2. By trenching around the cactus, lift as much as possible of the root system.

3. Brush soil from the roots and dust them with powdered sulfur.

4. Place the cactus in a shaded area where air circulates freely, and allow the roots to heal for a week before replanting.

5. Plant the cactus in dry, well-drained soil. Stake the plant if necessary.

6. Water the plant in three or four weeks, after new growth starts. Thereafter, apply water at monthly intervals.

Whenever possible, native or naturalized plants should be selected for Southwestern landscapes. They have a better chance of surviving the transplant, and they keep maintenance costs down. In situations where the soil is especially unsuitable for planting, there may be little choice but to install the plants above ground in planters.

Planting in the Southeast

While the plants and soils of the American Southeast are definitely different from those of the temperate zoned states, the methods of plant installation do not vary greatly. What differences do exist are related mostly to the uniqueness of certain species, most notably the palms.

Palms are like grasses, only woody-like trees and shrubs. They may have single or multiple trunks. There are many different types of palms, surviving in a range of hardiness zones and settings as diverse as the seacoast and the desert. Each branch has only a single terminal bud, allowing the plant to grow only at that point. Roots are produced continuously from the base of the trunk, and they are shorter lived than the roots of temperate zone trees and shrubs. The majority of palms that are used in landscapes are grown in nurseries, not the wild. They may be produced in containers or grown in fields. Like other trees and shrubs, palms must have an adequate root and soil ball attached if they are to transplant successfully. However, because of the difference in how and where the roots are produced, the root ball of a palm is seldom as large as that of other transplants. A root ball diameter that is about two feet greater than the diameter of the trunk is generally accepted as an adequate size. To be certain, landscapers should consult the local industry standards of their geographic region since there is no single industry norm. Large palms can be moved with a tree spade. Smaller plants are handled with ball carts or carried at the root ball. To protect the tender terminal bud, the fronds of a palm are usually tied up and around the end of each branch with biodegradable twine before being harvested and moved. It is important to keep the root ball moist until the installation is accomplished, Figures 20-15 A and B.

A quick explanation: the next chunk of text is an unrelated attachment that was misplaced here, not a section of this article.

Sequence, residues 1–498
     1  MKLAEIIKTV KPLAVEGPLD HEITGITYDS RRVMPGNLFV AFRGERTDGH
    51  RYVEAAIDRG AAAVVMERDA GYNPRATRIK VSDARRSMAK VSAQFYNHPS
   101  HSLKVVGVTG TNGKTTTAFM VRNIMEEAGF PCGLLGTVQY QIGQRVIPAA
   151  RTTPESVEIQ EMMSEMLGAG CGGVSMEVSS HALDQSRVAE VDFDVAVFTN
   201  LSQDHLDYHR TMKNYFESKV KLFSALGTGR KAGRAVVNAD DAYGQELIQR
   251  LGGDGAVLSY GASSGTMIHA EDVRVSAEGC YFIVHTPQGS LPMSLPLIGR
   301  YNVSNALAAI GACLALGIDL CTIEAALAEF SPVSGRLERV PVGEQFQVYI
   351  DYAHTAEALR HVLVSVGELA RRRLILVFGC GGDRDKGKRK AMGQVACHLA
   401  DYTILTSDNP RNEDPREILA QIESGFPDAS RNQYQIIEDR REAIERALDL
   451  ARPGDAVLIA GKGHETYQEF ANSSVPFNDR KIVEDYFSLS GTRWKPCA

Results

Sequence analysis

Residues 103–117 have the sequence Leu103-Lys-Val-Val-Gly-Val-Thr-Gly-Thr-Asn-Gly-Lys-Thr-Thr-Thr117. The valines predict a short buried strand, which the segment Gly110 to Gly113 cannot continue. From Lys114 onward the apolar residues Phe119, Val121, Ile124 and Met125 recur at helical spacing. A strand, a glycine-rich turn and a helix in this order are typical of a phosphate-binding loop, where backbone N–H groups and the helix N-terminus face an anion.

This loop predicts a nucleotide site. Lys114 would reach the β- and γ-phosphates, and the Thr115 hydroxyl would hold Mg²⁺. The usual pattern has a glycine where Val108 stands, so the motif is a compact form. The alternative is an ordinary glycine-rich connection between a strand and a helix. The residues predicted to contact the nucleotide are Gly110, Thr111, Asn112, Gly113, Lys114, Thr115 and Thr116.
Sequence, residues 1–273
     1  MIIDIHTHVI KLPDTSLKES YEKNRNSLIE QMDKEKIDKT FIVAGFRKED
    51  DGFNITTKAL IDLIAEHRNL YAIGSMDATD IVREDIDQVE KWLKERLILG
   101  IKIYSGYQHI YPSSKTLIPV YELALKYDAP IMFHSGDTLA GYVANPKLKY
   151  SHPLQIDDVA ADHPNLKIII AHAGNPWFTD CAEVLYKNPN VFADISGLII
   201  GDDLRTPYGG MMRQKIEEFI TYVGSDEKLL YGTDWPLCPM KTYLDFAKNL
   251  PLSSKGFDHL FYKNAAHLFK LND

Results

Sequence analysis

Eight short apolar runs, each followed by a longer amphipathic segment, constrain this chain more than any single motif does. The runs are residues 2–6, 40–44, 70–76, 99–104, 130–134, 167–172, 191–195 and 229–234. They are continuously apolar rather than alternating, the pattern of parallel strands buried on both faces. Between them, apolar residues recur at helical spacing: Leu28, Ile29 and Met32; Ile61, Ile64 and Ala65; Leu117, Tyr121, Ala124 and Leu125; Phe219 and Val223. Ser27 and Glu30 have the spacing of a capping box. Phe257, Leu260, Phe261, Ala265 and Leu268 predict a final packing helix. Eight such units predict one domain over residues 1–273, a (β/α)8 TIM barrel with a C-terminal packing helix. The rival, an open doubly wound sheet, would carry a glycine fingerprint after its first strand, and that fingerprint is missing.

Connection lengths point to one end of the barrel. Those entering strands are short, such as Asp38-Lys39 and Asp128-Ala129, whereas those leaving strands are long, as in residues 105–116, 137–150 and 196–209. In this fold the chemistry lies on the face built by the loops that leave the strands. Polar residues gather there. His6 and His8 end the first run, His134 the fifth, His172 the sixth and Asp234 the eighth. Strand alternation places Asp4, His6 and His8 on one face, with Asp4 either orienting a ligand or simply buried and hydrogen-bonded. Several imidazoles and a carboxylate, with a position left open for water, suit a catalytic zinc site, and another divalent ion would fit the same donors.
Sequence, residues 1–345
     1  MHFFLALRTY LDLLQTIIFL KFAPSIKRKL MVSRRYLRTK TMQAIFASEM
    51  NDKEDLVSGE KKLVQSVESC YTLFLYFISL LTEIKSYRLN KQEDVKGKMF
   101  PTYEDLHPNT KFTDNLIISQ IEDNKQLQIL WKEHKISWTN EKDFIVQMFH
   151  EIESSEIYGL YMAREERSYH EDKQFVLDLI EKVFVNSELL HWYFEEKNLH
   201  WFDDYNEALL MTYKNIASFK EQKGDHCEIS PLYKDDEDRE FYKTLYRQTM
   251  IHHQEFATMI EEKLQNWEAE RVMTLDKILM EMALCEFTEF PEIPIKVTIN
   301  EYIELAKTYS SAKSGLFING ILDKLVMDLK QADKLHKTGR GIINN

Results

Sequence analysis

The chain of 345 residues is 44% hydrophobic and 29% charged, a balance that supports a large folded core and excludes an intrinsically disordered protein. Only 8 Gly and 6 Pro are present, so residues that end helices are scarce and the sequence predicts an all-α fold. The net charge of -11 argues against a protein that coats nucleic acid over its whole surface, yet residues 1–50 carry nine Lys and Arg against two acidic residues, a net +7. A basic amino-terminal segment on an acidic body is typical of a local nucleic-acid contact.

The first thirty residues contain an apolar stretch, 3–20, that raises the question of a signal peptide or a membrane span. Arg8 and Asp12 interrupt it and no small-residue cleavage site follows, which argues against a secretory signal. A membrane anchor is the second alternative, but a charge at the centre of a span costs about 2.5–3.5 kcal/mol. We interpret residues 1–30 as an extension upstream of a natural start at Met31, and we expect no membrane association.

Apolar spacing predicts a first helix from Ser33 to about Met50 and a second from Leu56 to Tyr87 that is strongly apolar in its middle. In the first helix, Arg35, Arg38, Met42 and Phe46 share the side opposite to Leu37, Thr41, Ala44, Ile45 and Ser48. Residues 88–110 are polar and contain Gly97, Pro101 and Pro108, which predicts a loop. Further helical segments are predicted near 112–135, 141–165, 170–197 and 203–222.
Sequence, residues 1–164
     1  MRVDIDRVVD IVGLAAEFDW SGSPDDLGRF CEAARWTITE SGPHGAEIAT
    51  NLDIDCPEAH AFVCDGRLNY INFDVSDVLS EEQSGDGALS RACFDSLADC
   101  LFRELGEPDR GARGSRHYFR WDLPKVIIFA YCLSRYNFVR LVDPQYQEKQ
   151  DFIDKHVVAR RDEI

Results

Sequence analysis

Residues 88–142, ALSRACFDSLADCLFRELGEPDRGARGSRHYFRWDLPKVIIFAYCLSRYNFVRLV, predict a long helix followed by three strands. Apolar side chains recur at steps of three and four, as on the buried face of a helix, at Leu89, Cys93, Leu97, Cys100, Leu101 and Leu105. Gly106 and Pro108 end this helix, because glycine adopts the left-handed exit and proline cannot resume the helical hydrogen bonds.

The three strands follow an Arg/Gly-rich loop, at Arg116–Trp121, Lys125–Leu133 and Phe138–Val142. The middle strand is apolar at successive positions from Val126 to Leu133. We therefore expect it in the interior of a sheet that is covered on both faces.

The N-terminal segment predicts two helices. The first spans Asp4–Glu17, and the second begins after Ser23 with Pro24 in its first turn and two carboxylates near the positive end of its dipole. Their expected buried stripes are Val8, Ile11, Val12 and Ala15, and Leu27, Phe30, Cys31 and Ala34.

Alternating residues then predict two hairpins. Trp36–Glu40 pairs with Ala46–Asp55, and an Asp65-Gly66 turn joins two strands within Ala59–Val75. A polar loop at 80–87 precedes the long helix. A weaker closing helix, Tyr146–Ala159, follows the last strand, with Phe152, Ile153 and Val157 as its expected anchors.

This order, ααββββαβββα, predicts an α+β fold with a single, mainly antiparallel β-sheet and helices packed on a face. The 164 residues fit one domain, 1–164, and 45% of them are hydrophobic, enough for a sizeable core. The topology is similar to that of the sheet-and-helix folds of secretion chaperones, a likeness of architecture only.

[FIGURE 20-14 OMITTED]

Palms should be set at the same depth they were in the field or in their production container. If set too shallow, they may topple over. If set too deep, they may suffer nutrient deficiency. Staking is often needed to stabilize the new transplants.

[FIGURE 20-15 OMITTED]

The technique used is an exterior support brace, not the devices described earlier in this chapter, Figure 20-16.

Following their installation, the palms should be kept well watered and misted throughout their first season. Where conditions are excessively hot and dry, the fronds remain tied around the terminal bud for most of the first season as well to protect it from drying. The support structure may remain in place for up to a year.

[FIGURE 20-16 OMITTED]

Achievement Review

A. Answer each of the following questions as briefly as possible.

1. Identify the following tools, used in the installation of landscape plants. (See Appendix B for review.)

[ILLUSTRATIONS OMITTED]

2. List the four qualities of good backfill soil.

3. Indicate whether the following are characteristic of bare-rooted (A), balled and burlapped (B), or containerized (C) plants.

a. lightweight and easily transported

b. retain the entire root system